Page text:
Brent slips to 4-month low, as trade fears persist

Crude oil futures ended Monday’s trading session lower after unsettled trading, as Saudi comments indicated Opec+ would extend supply cuts supported prices, but concerns U.S. tariffs on China and Mexico would hurt demand weakened the market.

Opec+, which includes most Opec members, along with a number of non-producers led by Russia, since Jan. 1, has operated under an agreement to cut 1.2 million barrels per day (Mmbpd) of crude from the market.

“We will do what is needed to sustain market stability beyond June. To me, that means drawing down inventories from their currently elevated levels,” Energy minister Khalid al-Falih was quoted as saying by the Saudi-owned Arab News newspaper.

Front-month Brent crude futures fell 71 cents, or 1.2%, to $61.28 per barrel – a four-month low. Prices dropped by more than 3% last Friday, with May recording the biggest monthly loss in six months, Kallanish Energy reports.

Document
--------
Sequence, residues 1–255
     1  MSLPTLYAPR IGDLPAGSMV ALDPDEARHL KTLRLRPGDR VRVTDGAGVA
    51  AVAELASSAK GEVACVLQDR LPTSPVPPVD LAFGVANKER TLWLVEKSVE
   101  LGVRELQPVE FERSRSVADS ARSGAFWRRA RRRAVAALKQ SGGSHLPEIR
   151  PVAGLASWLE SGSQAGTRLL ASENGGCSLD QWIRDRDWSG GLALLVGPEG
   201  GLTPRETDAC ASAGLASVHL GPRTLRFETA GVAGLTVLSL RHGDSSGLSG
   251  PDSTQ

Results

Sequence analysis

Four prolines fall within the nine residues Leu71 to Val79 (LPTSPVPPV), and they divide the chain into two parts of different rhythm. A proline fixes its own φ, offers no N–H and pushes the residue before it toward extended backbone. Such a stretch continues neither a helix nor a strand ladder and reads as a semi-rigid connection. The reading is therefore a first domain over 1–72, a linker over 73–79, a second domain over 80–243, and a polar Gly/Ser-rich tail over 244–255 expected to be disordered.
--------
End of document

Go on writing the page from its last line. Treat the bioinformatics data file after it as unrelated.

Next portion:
Brent crude prices have dropped almost 20% from their 2018 peak, as global supplies tighten following output curbs by Opec+, as well as a reduction in Iranian and Venezuelan exports due to U.S. sanctions.

U.S. West Texas Intermediate crude futures dropped 25 cents, to $53.25/Bbl, slipping 0.5% to the weakest closing price since Feb. 12. Earlier in the session, WTI hit a session high of $54.63/Bbl.

The recent selloff likely helped to solidify the intention of Saudi Arabia to keep tightening output, analysts said.

Saudi Arabia pumped 9.65 Mmbpd of crude in May, a deeper cut than its production target under the global pact to reduce oil supply, a Saudi oil industry source told Reuters. The nation’s output target under the Opec+ agreement is 10.3 Mmbpd.

A planned June 4 strike by Norwegian workers could also lead to tighter global supply and buttress prices, potentially cutting Norway’s oil and gas output by roughly 440,000 barrels of oil-equivalent per day if mediation efforts fail. (See story elsewhere in this issue.)

Concerns that a U.S.-China trade war, and threats of tariffs on Mexico from the U.S., would diminish global crude demand, however, weighed on oil prices.

This post appeared first on Kallanish Energy News.